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The intestinal microbiota plays a major role in infant health and development. However, the role of the breastmilk microbiota in infant gut colonisation remains unclear. A systematic review was performed to evaluate the composition of the breastmilk microbiota and evidence for transfer to/colonisation of the infant gut. Searches were performed using PUBMED, OVID, LILACS and PROQUEST from inception until 18th March 2020 with a PUBMED update to December 2021. 88 full texts were evaluated before final critique based on study power, sample contamination avoidance, storage, purification process, DNA extraction/analysis, and consideration of maternal health and other potential confounders. Risk of skin contamination was reduced mainly by breast cleaning and rejecting the first milk drops. Sample storage, DNA extraction and bioinformatics varied. Several studies stored samples under conditions that may selectively impact bacterial DNA preservation, others used preculture reducing reliability. Only 15 studies, with acceptable sample size, handling, extraction, and bacterial analysis, considered transfer of bacteria to the infant. Three reported bacterial transfer from infant to breastmilk. Despite consistent evidence for the breastmilk microbiota, and recent studies using improved methods to investigate factors affecting its composition, few studies adequately considered transfer to the infant gut providing very little evidence for effective impact on gut colonisation.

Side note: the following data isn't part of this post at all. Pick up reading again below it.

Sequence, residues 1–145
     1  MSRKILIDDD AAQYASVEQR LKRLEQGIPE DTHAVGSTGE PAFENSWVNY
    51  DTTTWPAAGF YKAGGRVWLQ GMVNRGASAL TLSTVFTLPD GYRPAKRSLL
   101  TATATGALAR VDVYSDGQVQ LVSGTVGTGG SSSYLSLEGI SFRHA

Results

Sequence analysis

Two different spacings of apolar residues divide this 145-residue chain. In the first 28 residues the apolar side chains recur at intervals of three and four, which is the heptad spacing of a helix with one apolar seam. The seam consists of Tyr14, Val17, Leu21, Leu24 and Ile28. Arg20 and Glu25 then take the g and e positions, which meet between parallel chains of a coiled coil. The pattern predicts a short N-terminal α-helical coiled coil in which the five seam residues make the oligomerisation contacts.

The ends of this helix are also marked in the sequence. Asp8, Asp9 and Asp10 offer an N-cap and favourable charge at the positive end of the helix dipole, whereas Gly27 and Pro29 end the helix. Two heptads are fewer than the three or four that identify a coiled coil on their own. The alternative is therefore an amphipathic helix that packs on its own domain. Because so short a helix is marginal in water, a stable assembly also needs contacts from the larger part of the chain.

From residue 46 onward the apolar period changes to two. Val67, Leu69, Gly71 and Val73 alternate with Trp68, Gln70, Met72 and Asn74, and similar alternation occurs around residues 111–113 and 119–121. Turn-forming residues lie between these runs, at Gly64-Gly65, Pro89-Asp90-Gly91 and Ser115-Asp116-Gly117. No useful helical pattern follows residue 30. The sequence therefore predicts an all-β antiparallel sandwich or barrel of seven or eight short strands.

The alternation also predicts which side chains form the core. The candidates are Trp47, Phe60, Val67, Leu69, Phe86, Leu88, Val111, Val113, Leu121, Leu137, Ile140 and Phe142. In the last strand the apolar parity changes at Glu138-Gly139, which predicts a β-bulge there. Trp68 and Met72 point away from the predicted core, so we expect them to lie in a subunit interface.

Keywords Expand

Microbiota, infant, breast milk, gut colonisation, systematic review

To download this open-access article, please click here.

Commissioned by the Early Nutrition and Long-Term Health Task Force.

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Early Nutrition and Long-Term Health

Nutrition and Brain Health

Nutrition, Immunity and Inflammation

Prebiotics

Probiotics

GUT MICROBIOME AND HEALTH and NUTRITION AND CONSUMER SCIENCE